Fantastic ~ with that, we are already looking through ours modules node.

Resulting goodness

We have a simple model down to look for, but the results are of little use hidden in a console.log. We are going to remove the basic React style and our previous code, then extend things.

We will create …

  1. A state variable that will hold a answer property.
  2. A performQuery method that will query Search app using client.search. It will store the results of the query inside answer property.
  3. A componentDidMount life cycle hook, which will be executed once the application is loaded. We will interrogate foo again, but we can use any query we would like.
  4. Structured HTML to contain the resulting data output and the total number of results.
// App.js

// ... Truncated!

the App class extends the component {
state = {
// A new state property, which contains the answer to the most recent query
Answer: null
};

componentDidMount () {
/ * Calling this in componentDidMount ensures that the results are displayed on
the screen when the app loads for the first time * /
this.performQuery ("foo");
}

// Method for executing a query and storing the response
performQuery = queryString => {
client.search (queryString, {}). then (
answer => {
// Add this for now so you can check the complete answer
console.log (answer);
this.setState ({response});
},
error => {
console.log (`error: $ {error}`);
}
);
};

render () {
const {response} = this.state;
if (! response) returns null;

return (
      

Node module search

{/ * Show the total number of results for this query * /}

{response.info.meta.page.total_results} Results

{/ * Iterate on the results and show their name and description * /} {response.results.map (result => (

Name: {result.getRaw ("name")}

Description: {result.getRaw ("description")}

))}
); } } // ... Truncated!

When you press save, the results will appear inside http: // localhost: 3000 – 27 results and some elegant sound modules. If something went wrong, we can take a look at the console because we have two console.logs nested in the code.

Fancy Boxing

We have been hard-coding foo in our questions What makes the search more valuable is that it starts with a free expression. After developing a great research experience, you will be able to optimize for the most common expressions, taking care of the most relevant result sets. It all starts with a blank canvas: the search box.

To create an able search box, we will add a property to state named question string. To hold question string updated with new strings, we will create a updateQuery method; we will leverage on one onChange manager to be updated question string and start a new search every time a user changes the text in the box.

Our full App the class now looks like this:

// src / App.js

// ... Truncated!

the App class extends the component {
state = {
// A new status property, which tracks the value from the search box
string of the question: "",
Answer: null
};

componentDidMount () {
// Remove the hard-coded search for "node"
this.performQuery (this.state.queryString);
}

// Manage the onChange event every time the user types in the search box.
updateQuery = e => {
const queryString = e.target.value;
this.setState (
{
queryString // Save the query string entered by the user
},
() => {
this.performQuery (queryString); // Activate a new search
}
);
};

performQuery = queryString => {
client.search (queryString, {}). then (
answer => {
this.setState ({
answer
});
},
error => {
console.log (`error: $ {error}`);
}
);
};

render () {
const {response, queryString} = this.state;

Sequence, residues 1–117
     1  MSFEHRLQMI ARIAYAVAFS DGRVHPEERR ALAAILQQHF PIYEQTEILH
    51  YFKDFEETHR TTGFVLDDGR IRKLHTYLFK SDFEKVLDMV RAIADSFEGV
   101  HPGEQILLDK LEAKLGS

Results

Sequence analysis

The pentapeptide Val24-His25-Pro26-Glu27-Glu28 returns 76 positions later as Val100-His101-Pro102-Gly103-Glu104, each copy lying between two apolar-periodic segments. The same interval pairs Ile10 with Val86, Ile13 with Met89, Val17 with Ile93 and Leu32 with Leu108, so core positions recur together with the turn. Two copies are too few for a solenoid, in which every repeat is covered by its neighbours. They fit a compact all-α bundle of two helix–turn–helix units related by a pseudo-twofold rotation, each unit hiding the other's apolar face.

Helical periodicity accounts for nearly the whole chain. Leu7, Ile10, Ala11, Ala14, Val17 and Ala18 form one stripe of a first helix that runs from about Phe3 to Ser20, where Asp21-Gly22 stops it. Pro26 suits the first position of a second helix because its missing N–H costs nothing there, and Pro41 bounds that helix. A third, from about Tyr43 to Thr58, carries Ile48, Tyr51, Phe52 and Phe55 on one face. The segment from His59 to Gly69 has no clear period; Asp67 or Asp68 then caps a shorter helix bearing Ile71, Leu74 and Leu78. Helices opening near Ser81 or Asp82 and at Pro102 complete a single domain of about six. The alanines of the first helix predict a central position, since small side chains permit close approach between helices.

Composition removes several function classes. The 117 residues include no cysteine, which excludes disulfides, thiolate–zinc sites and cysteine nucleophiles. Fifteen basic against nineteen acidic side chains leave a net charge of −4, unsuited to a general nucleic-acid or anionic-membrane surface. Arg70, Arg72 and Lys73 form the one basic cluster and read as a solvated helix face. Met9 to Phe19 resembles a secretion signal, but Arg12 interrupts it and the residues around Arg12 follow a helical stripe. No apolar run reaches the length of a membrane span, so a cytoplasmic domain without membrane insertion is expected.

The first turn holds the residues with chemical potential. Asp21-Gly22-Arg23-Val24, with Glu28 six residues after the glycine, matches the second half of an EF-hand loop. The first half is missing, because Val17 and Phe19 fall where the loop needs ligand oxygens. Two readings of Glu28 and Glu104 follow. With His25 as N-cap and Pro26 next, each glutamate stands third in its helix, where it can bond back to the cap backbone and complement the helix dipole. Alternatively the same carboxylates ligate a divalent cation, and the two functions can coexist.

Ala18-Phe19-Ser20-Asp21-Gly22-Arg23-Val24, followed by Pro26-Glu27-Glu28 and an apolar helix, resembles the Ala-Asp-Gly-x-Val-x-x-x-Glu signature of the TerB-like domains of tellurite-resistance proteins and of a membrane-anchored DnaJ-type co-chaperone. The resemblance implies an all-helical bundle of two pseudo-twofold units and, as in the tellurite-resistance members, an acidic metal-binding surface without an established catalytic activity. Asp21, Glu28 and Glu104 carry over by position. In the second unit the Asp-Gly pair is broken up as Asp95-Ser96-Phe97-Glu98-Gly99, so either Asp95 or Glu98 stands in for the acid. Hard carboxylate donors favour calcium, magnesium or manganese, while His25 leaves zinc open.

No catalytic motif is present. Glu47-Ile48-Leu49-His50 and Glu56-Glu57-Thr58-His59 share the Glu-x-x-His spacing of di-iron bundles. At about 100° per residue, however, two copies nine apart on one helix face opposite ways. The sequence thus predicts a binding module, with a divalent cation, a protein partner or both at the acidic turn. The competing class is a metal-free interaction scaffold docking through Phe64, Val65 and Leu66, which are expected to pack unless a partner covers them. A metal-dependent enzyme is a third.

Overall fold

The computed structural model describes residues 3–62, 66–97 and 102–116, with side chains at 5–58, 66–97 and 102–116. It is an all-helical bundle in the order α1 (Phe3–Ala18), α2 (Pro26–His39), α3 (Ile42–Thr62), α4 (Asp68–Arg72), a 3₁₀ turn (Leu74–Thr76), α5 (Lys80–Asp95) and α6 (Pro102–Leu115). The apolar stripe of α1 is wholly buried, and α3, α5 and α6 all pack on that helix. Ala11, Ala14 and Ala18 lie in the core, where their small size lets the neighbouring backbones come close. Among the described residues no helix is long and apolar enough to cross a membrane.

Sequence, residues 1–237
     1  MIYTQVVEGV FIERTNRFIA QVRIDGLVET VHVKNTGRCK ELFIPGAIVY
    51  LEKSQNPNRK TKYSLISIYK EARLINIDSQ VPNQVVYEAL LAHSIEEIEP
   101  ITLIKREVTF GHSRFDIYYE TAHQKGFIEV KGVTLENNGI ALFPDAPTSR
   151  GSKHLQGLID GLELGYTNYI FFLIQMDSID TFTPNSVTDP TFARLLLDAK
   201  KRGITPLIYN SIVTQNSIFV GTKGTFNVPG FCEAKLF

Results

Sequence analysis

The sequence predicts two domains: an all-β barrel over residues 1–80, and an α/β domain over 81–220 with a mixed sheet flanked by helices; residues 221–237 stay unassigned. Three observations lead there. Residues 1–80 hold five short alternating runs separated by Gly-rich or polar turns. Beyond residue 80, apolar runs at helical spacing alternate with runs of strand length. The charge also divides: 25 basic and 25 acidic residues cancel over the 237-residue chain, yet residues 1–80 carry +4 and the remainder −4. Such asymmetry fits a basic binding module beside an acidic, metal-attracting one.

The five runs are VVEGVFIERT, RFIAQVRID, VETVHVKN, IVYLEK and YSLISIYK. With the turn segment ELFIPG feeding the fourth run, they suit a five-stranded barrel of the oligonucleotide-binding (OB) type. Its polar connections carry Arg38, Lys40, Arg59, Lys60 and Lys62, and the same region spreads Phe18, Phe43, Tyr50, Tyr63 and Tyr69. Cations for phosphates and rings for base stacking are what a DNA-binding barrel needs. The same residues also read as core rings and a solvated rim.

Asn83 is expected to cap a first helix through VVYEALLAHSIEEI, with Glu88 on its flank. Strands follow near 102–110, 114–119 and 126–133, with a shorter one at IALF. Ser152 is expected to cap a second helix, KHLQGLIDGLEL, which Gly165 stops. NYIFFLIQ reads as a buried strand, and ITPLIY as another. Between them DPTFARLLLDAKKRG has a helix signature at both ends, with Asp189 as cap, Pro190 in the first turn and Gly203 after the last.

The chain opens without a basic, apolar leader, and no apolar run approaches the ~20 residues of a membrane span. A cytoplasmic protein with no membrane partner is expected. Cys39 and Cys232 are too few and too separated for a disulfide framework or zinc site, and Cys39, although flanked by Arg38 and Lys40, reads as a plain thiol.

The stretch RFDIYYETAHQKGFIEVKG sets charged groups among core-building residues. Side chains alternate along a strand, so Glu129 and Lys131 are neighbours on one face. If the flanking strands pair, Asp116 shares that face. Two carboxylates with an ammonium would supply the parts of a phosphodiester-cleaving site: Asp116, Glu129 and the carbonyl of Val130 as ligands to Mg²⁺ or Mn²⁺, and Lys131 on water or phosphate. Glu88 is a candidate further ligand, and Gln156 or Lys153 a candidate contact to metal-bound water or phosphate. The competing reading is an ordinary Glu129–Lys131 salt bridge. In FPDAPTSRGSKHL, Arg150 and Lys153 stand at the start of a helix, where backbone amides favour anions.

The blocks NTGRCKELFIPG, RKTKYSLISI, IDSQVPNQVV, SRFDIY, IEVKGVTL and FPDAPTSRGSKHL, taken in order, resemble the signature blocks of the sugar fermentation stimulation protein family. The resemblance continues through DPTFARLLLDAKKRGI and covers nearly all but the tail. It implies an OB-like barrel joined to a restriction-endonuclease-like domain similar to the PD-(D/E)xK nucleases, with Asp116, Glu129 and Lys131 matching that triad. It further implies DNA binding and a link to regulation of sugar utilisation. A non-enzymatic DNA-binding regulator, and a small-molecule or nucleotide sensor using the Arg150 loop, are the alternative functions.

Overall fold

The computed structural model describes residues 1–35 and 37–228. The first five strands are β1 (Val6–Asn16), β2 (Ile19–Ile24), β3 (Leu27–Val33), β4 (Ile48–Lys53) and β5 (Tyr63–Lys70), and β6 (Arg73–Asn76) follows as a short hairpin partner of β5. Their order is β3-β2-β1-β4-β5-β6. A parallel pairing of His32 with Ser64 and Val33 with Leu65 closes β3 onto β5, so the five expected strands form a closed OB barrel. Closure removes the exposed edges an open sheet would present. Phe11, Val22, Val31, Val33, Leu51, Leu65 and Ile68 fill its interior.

if (! response) returns null;

return (
      

Node module search

{/ * A search box, linked to the query string value and aChange manager * /}

{response.info.meta.page.total_results} Results

{response.results.map (result => (

Name: {result.getRaw ("name")}

Description: {result.getRaw ("description")}

))}
); } } // ... Truncated!

Debounce!

Within this iteration, whenever a change is detected inside the box, a search will occur, which may intensify in our systems. To remedy this, we will apply a _debounce_ function, courtesy of Lodash.

Installation $ npm --save lodash

Debounce is a method of limiting the speed of the number of incoming requests based on a defined number of milliseconds. A user is thinking about how to express his query, make typos or type very quickly … and so it is not necessary to query on every change detected.

Wrapping ours performQuery internal method of a bounce function from Lodash, we can specify a 200ms speed limit – 200ms must pass without input before the next search query starts:

// App.js
// ... Truncated!
import {debounce} from "lodash"; // Import bounce

// ... Truncated!

performQuery = debounce (queryString => {
client.search (queryString, {}). then (
answer => {
this.setState ({
answer
});
},
error => {
console.log (`error: $ {error}`);
}
);
}, 200); // 200 milliseconds.

// ... Truncated!

In addition to pausing our servers, speed limitation can help smooth users' queries. It goes very far! Feeling is important.

Next one…

This is the beginning of a quality, React-ified research experience. Going forward, there are many great things to add. We could add a style or implement dynamic app search capabilities like Facets, Curation or Relevance Tuning. Or, we could explore the Analytics Suite API to bring valuable information about user search activity to light.

If we wanted to get really deep, the README inside the master branch extends the tutorial to create URI-based status management, add slick styles, pagination, filtering, and multifaceted search. With some stylistic personalizations, it could become the basis for a high quality research experience.

The fully developed example is available here: http://packagehunt.swiftype.info/.

package_search.png

Summary

In the past, the construction of a relevant and rewarding appication search has been complicated. Elastic app search is a quick and managed way to write useful and tunable searches in web applications. The best part? Both engineers and less technical stakeholders can manage key features from a clear and intuitive dashboard. You can go directly to App search with a free 14-day trial without credit cards.